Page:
The development of this programme arose from asking older people what they wanted. Insights showed that whilst older people said befriending was helpful, when asked if befriending is what they would have chosen had they been given a choice, the responses were a lot more varied. 

By moving away from traditional befriending services, Age UK Sutton are able to generate impact and support older people to foster meaningful connections in other ways, whilst leaving space for specialist organisations in the borough that do befriending projects incredibly well. 

Measuring the impact of befriending 

Sarah Van Putton highlighted that Befriending Networks currently support over 370 member organisations across the United Kingdom. During 2020/21, their members provided services to approximately 80,000 people with over 1.6 million hours of befriending. As Sarah indicated, befriending is a significant part of community connections, but it should not be seen as a replacement for bespoke health and social care support, nor is it the right solution for everyone. 

At Time to Talk Befriending, Emily Kenward shared how they measure the impact of their befriending projects in a number of ways: 

  • Retired professionals (mostly social workers) undertake scheme member and volunteer reviews over the phone. This includes monitoring satisfaction rates, challenges of befriending matches, and areas of unmet needs.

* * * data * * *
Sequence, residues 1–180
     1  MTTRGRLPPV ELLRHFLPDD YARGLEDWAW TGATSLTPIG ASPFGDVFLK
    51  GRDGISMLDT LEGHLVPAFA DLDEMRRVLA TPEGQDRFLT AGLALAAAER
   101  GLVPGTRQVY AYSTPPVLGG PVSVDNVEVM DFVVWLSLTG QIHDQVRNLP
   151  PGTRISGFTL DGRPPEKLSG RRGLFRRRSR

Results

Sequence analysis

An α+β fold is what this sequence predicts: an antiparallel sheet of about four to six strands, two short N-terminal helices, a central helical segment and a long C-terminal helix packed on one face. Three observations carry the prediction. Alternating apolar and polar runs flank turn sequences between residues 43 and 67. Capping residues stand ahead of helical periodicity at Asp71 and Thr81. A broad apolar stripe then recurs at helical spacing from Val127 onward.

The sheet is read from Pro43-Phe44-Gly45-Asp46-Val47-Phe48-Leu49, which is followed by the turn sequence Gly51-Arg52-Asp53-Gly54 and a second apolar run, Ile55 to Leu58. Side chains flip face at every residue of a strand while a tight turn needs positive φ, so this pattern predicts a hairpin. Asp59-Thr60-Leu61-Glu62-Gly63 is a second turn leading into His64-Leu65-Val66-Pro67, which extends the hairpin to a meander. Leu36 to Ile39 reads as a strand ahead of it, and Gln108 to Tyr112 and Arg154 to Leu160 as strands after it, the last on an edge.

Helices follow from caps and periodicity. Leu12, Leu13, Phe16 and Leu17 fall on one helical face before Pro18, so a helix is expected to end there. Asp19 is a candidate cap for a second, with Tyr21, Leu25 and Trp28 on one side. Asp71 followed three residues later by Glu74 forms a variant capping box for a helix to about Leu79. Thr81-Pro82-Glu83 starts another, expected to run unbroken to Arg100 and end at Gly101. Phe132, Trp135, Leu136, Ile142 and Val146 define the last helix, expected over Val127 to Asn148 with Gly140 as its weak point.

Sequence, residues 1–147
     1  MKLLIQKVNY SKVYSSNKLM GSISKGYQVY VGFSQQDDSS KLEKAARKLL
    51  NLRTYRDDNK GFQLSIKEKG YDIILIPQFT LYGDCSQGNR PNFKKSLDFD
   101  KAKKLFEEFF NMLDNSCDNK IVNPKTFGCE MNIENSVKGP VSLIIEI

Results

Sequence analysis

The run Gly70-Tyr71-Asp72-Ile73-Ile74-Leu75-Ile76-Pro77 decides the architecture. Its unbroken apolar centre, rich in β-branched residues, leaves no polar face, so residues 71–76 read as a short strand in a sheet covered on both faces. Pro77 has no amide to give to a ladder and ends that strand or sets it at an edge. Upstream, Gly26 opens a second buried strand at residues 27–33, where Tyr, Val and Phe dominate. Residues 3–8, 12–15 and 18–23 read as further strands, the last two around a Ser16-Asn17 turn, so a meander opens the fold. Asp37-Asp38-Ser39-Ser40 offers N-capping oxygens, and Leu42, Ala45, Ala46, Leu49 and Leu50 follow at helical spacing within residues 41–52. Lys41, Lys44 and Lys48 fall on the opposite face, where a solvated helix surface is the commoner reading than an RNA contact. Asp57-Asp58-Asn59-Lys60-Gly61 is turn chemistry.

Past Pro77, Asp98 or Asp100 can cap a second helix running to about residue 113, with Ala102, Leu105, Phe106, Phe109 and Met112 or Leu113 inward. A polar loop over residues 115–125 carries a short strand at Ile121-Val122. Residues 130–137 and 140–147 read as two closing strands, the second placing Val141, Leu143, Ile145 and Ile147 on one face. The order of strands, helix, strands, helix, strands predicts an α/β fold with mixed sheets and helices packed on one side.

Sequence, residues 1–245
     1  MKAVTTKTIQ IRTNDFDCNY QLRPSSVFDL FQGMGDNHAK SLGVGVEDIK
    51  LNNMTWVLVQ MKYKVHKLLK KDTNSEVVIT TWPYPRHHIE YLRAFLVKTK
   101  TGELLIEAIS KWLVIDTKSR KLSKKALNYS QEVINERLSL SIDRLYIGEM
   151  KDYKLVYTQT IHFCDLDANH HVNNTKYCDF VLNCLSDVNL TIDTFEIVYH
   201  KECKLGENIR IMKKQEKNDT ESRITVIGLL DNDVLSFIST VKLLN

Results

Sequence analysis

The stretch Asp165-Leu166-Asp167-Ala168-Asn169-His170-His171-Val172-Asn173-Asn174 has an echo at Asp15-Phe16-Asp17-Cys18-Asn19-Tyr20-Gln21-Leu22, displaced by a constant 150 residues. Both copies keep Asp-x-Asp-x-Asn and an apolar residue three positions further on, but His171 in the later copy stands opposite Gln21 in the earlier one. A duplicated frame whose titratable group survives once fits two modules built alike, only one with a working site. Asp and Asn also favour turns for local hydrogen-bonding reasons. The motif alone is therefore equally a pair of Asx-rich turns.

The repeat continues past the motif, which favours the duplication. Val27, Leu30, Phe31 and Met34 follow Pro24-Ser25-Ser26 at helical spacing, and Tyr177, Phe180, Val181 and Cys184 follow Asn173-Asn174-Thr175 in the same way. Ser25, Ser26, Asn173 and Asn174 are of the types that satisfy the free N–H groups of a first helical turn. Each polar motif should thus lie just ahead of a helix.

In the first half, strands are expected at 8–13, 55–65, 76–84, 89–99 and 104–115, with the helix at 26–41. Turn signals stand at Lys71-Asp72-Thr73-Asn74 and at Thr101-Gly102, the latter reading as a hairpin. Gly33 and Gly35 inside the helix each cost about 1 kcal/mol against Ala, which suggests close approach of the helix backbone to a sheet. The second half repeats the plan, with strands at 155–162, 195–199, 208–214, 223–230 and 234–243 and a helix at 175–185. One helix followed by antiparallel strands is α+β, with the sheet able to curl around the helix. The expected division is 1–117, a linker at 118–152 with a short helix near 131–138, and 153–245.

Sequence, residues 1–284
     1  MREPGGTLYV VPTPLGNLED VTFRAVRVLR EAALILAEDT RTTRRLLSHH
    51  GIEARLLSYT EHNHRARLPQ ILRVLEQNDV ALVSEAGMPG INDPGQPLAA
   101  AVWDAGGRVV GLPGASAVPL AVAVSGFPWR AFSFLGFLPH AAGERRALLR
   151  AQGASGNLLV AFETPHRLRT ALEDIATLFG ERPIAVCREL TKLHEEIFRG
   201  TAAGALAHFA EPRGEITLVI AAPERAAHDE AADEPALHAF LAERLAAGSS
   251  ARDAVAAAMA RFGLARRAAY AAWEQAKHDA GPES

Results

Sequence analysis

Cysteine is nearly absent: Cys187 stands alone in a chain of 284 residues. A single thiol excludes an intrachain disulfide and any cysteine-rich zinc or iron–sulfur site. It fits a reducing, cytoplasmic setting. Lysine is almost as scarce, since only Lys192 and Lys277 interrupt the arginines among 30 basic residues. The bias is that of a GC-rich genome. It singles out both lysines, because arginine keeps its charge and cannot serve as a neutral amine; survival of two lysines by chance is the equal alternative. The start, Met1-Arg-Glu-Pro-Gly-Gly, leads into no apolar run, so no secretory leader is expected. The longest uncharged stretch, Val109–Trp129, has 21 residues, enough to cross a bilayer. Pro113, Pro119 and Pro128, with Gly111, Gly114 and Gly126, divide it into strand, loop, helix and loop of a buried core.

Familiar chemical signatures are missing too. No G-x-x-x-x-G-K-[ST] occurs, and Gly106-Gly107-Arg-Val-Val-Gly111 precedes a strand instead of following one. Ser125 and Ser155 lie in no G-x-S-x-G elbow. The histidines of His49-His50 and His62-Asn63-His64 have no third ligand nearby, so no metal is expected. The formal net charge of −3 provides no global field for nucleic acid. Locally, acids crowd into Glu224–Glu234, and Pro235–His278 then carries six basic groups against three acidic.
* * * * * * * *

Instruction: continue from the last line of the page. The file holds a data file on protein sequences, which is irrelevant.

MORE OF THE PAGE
• Periodic surveys which enable them to review the impact of their services and the knock-on effects on wider local strategy. 
  • Working with consultants or the local University to help with evaluation. This can help with overall objectivity of the evaluation, and can pick up on themes and findings that might not otherwise have been seen. 
  • Annual surveys for referrer organisations to hear what they are saying about the service and how it can be improved. 
  • Member panels of older people, volunteers and partners to ensure the service is quality assured, as well as feeding in thoughts to service development. 

Benefits of monitoring and evaluating befriending projects

Listening to older people and incorporating their feedback into service design is very important. Rohini Corfield (Voluntary Action South Leicestershire) shared how service users and volunteers need to feel empowered in making suggestions of what they want the project to do. Actively seeking feedback and monitoring projects is one way of doing this. At Voluntary Action South Leicestershire, they have a steering group made up of project stakeholders who regularly give feedback on services and how they can be improved. 

Other benefits of monitoring and evaluating befriending projects, as shared by Emily Kenward include: 

  • It helps to adapt and improve services, helping to reduce the risk of mission creep. 
  • It helps with volunteer retention and the sustainability of matches by ensuring volunteers are appropriately trained to meet the required demands.
  • It can assure funders, through reports and evidence based on what older people say they want and need.

How else can we as a sector better understand the nuances of supporting older people and – with this understanding – effectively monitor befriending projects? Share your thoughts in the Befriending group